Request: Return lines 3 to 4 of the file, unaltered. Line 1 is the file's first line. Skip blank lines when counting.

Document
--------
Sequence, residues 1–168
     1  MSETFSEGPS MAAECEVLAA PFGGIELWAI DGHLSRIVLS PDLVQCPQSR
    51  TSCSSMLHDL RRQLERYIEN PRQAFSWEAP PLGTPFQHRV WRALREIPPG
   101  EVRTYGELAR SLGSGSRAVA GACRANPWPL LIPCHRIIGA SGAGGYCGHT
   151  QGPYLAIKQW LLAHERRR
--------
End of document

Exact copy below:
    51  TSCSSMLHDL RRQLERYIEN PRQAFSWEAP PLGTPFQHRV WRALREIPPG
   101  EVRTYGELAR SLGSGSRAVA GACRANPWPL LIPCHRIIGA SGAGGYCGHT